“Reason” is, notoriously, not necessarily ethical…”

11709487_911521702258127_1817418095548286627_n“… any more than intelligence is.” When I was practicing I called the law “The church of reason.”  I did so because the law believes it is a reasonable person standard that is the norm for behavior.  At least in criminal law it was.  I do however believe that is was all of the law that used the “reasonable person,” standard to predict what “normal” behavior was.  The underlying premise, which was never nor is it ever articulated anywhere in a treatise that everyone follows, is that someone, or a group of people can decide what is the behavior that is going to be determined to be deemed “reasonable.”

630431Now I dont have a problem with a large majority of what is reasonable, but when it comes to “mental health,” issues, I dont believe that those who have not suffered the debilitation that comes from Treatment Resistant Major Depressive Order(just using my own classification as a benchmark)  can create any “reasonable person” with Treatment Resistant Major Depressive Disorder to be able to articulate any sense of what predictive analysis let alone treatment they can come up with.

godafoss-waterfall-of-the-gods-iceland-pome-acroI will give an analogy that I think is applicable.  I have an “uncle” who is a professor of psychology at a very prestigious university.  He is a man with a Ph.D and he is renowned in his field.  However, he is not even aware that his suffering, which is not in his conscious reality, is clouding his ability to understand what and how people suffer from those deep seated, sometimes quite often forgotten emotional conflicts.  I tried one time to talk with him and hopefully get him to see that his  shadow was getting in the way of helping others who were as neurotic as he is/was.(He had a nervous facial tic that was so prevalent that he went to a doctor to get medication for it instead of seeing that it was a manifestation of his dis-ease. His weight was another issue he could not see as being related to his inner self.) But he would have nothing of it.  He let me know that he was highly educated and knew more than others did about psychology.  I said nothing because I could see that he needed to be “right,” instead of being helpful.  That is what reason can do for us.

20140708-182105-66065695.jpg“Clearly the anti-mythological trend is due to the difficulties we have in clinging on to our previous mythological tenets of belief.”  We hold onto reason because we have lost the ability to see that the mythical animals and other heros of worlds long ago have been replaced by one iconic hero whose life was an alegory is now seen as a literal historic event that truly took place in the exact same way that those who were “followers,” of his said  it did.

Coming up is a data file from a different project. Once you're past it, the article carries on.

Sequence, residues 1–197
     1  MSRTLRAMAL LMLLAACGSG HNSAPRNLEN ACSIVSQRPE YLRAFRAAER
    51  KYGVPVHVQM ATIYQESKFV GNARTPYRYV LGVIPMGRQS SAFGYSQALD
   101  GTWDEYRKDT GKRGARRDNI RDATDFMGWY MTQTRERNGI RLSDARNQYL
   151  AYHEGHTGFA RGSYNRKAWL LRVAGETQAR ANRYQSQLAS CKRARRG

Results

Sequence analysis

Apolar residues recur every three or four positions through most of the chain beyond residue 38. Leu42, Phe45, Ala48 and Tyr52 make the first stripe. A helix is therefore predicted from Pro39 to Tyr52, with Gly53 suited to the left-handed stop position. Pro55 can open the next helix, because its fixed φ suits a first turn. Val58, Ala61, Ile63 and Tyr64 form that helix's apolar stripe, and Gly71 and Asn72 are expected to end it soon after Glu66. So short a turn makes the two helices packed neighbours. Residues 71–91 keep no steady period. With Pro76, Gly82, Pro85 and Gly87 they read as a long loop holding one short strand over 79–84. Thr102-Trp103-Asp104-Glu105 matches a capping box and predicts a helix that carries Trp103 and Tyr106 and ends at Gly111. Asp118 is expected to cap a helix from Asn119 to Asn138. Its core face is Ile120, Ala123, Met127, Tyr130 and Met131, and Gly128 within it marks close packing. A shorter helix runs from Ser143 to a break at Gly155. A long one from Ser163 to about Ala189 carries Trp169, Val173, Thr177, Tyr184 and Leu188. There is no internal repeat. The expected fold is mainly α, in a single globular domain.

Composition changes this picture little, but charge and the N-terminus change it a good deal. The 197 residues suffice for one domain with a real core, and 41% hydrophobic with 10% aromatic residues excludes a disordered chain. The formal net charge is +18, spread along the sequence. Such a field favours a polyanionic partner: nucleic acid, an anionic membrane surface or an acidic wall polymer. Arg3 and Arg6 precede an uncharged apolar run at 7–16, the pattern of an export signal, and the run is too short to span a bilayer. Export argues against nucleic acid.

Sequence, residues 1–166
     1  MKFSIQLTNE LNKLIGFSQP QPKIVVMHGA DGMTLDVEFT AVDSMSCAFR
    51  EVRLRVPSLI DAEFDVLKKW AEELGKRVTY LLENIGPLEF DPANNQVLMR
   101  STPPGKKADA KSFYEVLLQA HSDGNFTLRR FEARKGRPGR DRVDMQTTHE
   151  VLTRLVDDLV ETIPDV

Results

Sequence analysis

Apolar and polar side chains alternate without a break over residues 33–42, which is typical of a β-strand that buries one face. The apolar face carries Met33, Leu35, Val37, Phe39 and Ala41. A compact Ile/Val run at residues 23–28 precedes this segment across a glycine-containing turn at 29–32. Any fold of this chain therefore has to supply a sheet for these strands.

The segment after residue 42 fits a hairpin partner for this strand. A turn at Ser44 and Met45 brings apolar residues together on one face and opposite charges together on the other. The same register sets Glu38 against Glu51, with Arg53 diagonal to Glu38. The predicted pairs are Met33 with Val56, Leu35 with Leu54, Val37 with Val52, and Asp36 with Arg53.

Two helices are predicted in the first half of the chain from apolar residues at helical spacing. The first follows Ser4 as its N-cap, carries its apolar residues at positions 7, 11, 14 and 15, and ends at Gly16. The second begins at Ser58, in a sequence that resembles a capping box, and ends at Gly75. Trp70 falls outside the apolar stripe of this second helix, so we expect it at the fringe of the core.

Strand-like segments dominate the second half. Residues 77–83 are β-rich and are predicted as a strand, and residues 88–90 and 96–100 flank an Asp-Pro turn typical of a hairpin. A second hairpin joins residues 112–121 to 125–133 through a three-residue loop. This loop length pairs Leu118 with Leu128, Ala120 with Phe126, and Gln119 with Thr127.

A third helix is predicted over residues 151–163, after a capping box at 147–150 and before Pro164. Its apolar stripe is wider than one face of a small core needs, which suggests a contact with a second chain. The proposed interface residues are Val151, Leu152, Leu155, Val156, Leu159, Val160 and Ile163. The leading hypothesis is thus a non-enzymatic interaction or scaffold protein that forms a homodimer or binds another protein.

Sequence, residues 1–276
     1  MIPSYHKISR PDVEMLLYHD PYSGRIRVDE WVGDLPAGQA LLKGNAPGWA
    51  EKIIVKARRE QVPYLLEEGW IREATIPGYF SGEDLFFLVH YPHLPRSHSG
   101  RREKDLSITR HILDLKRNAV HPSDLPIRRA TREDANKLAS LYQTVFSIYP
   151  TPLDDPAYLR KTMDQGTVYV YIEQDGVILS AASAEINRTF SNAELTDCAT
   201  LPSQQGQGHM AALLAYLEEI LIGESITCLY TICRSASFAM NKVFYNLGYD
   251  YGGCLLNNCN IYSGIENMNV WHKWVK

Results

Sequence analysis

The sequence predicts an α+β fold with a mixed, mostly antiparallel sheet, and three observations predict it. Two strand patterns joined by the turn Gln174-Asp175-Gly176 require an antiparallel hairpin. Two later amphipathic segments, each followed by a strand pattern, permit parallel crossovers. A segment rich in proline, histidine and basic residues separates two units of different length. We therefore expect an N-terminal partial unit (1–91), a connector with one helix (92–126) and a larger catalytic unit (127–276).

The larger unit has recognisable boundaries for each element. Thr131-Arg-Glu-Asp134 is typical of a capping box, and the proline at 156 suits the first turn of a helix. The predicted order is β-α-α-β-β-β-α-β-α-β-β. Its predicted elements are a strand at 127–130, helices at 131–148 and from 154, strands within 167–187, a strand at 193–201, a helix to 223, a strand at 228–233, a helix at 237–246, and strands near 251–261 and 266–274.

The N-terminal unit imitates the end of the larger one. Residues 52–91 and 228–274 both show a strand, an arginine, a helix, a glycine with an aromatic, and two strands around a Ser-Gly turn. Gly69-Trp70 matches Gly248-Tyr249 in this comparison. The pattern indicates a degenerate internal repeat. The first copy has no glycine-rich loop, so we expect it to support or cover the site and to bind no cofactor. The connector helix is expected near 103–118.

Mt._St._Helena_lgTo the victor goes history.  But the iconic life of the one “true” mythical hero we espouse as being a literal life does not allow for the mythical creatures that our heros of mythological times slayed and befriended to be considered.  This takes away imagination and when it is gone, then the vacuum has to be filled with something and we now have the “reason,” of men from over 2000 years ago telling us what really happened there.  The taking away of the imagination has other effects.  People stop seeing life as a mystery that needs to be lived and see life as a journey that will hopefully get us into a place “better,” than this world.

dsc09201The power of reason can allow us to strip the earth of the resources in it, since we no longer see the Ggods and Ggoddesses  as being from the earth.  Our only Ggod lives on a cloud high up in a place where we should aspire to go. But using reason, did not the Ggod we think created this thing called earth give it to us for us to glorify in this Ggods name?  Why are we then harming it and  concomitantly ourselves.

This whole one Ggod is poppycock!  Okay I apologize to all my friends who believe in “it.” It is a great myth though!

123 RV, SA, AMA, FB, HF, JW, JEW, PH, PA!

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Quotes from Carl Jung, Letters Vol. II, Pages 482-488

I get so much from this blog.  I hope you can too.  http://carljungdepthpsychology.blogspot.com

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